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AFL star praised by Turnbull at UN

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The PM says countries need to show strength and compassion to deal with the global refugee crisis.

Prime Minister Malcolm Turnbull has struck a sombre note on his final day in New York. Picture: Jake Nowakowski

PRIME Minister Malcolm Turnbull has used his first United Nations speech to share the remarkable story of Sydney Swans defender Aliir Aliir.

His excited wife, Lucy, and deputy leader Julie Bishop were among a tiny audience that turned out for Mr Turnbull’s late-night address, which touched on refugees, North Korea, a pitch for a seat on the UN’s human rights council and the legendary Sydney Swans defender.

Mr Turnbull described Aliir Aliir as a “role model in Australia’s multicultural society”.

“Tall, fast, agile Aliir was a natural for Australian Rules Football and once he took up the game hasn’t looked back,” he said.

Aliir, 21, was seven when he arrived in Australia with his Sudanese-born parents and family.

The defender grew up in a refugee camp in Kenya where he used to play soccer with a balloon, improvising with whatever they could scrape together.

“One childhood memory that will stay with me for a long time was playing soccer with a balloon,” he said.

“We would blow it up, get some old clothes and wrap them around it until it was like a soccer ball that would bounce.”

Sydney Swans defender Aliir Aliir featured in the Prime Minister’s first speech to the United Nations General Assembly. Picture: Phil Hillyard

Sydney Swans defender Aliir Aliir featured in the Prime Minister’s first speech to the United Nations General Assembly. Picture: Phil HillyardSource:News Corp Australia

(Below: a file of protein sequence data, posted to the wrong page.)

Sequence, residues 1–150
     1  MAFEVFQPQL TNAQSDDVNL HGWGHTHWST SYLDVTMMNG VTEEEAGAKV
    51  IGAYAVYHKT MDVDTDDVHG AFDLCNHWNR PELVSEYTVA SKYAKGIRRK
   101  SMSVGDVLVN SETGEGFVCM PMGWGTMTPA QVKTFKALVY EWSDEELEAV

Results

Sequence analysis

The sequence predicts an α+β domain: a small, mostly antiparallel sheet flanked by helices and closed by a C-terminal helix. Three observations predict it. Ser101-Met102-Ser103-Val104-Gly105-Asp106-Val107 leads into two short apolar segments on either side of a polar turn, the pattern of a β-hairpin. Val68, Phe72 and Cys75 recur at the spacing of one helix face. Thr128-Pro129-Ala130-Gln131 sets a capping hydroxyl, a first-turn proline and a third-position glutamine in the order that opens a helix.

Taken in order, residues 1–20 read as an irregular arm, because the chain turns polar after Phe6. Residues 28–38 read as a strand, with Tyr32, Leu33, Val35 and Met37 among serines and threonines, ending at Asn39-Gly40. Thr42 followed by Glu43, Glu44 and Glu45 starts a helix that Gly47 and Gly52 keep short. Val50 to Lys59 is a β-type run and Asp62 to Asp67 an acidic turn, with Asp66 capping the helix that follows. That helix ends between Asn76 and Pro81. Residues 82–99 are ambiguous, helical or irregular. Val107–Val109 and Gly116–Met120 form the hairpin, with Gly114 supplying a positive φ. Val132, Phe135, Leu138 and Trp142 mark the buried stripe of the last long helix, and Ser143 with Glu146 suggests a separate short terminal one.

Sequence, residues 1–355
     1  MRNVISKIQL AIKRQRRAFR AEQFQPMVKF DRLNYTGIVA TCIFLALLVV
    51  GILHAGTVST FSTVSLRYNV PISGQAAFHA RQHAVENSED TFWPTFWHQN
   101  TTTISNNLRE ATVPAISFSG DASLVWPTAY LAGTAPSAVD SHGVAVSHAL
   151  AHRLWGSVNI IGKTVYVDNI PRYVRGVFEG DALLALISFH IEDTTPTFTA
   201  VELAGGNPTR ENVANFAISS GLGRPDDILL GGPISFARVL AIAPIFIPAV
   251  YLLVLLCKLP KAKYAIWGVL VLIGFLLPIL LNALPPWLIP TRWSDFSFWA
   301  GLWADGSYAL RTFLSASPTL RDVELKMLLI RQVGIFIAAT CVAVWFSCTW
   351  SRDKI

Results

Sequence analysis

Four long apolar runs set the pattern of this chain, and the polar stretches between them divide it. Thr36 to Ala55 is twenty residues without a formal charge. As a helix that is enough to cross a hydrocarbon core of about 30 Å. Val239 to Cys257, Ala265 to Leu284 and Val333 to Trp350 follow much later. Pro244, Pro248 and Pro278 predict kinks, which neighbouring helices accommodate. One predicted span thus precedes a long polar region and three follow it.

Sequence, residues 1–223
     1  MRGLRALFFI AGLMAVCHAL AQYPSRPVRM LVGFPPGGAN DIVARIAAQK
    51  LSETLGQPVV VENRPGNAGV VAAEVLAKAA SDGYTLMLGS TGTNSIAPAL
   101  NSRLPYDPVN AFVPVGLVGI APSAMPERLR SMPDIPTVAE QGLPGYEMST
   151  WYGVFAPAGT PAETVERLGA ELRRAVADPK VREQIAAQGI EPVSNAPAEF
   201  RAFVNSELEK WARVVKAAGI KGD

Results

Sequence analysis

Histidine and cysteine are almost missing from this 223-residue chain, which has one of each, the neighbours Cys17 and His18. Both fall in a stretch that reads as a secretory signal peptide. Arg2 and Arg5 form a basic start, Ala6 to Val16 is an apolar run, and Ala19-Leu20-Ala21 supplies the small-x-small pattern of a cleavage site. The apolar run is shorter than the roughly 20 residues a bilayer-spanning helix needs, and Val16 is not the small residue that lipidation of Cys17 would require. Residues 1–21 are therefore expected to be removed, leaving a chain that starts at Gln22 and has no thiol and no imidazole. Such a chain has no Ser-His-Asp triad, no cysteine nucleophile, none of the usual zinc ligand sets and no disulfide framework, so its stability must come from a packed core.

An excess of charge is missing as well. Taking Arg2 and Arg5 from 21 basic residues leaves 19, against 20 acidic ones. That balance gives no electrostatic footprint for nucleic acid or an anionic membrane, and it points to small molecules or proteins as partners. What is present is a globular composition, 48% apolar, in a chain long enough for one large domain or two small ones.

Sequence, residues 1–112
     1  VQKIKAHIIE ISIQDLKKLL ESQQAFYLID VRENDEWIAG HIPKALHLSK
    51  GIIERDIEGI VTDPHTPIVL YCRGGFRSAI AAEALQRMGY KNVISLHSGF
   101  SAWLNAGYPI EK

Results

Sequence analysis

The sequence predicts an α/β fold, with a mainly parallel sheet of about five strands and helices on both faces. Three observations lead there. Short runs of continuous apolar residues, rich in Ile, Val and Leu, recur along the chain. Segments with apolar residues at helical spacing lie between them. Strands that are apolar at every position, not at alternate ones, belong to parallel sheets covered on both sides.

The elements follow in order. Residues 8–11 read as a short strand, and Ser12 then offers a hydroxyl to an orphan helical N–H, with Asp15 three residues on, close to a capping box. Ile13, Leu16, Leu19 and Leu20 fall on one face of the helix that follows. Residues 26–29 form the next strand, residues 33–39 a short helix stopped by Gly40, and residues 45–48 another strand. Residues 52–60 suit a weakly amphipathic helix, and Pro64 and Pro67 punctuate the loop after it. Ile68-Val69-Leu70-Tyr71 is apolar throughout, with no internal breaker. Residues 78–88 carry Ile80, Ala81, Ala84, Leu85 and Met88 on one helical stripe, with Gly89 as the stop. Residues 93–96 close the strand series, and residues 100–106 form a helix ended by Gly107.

The Prime Minister talked Australia up as “one of the most successful multicultural countries in the world” during his address to the United Nations General Assembly.

During his speech, Mr Turnbull said Australia was “not defined by race, religion or culture” but by “shared political values of democracy, the rule of war, and equality of opportunity”.

“We have a long experience of and commitment to settlement services to ensure our immigrants, especially refugees, become successfully integrated into our society,” Mr Turnbull said.

“We are indeed an immigration nation, and our immigrants are as diverse as the society in which they have joined.”

His deputy Julie Bishop, standing out in a shiny jacket, sat on the assembly floor with Turnbull’s advisers, including national security adviser Greg Moriarty and departmental head Martin Parkinson.

Australian Prime Minister Malcolm Turnbull says Russia needs to work with the US to achieve peace in Syria. Picture: AP

Australian Prime Minister Malcolm Turnbull says Russia needs to work with the US to achieve peace in Syria. Picture: APSource:AP

The Prime Minister struck a sombre note on his final day in New York, saying he thinks the chances of peace in Syria have lengthened in the past year, with the conflict there developing into a proxy war between Russia and United States.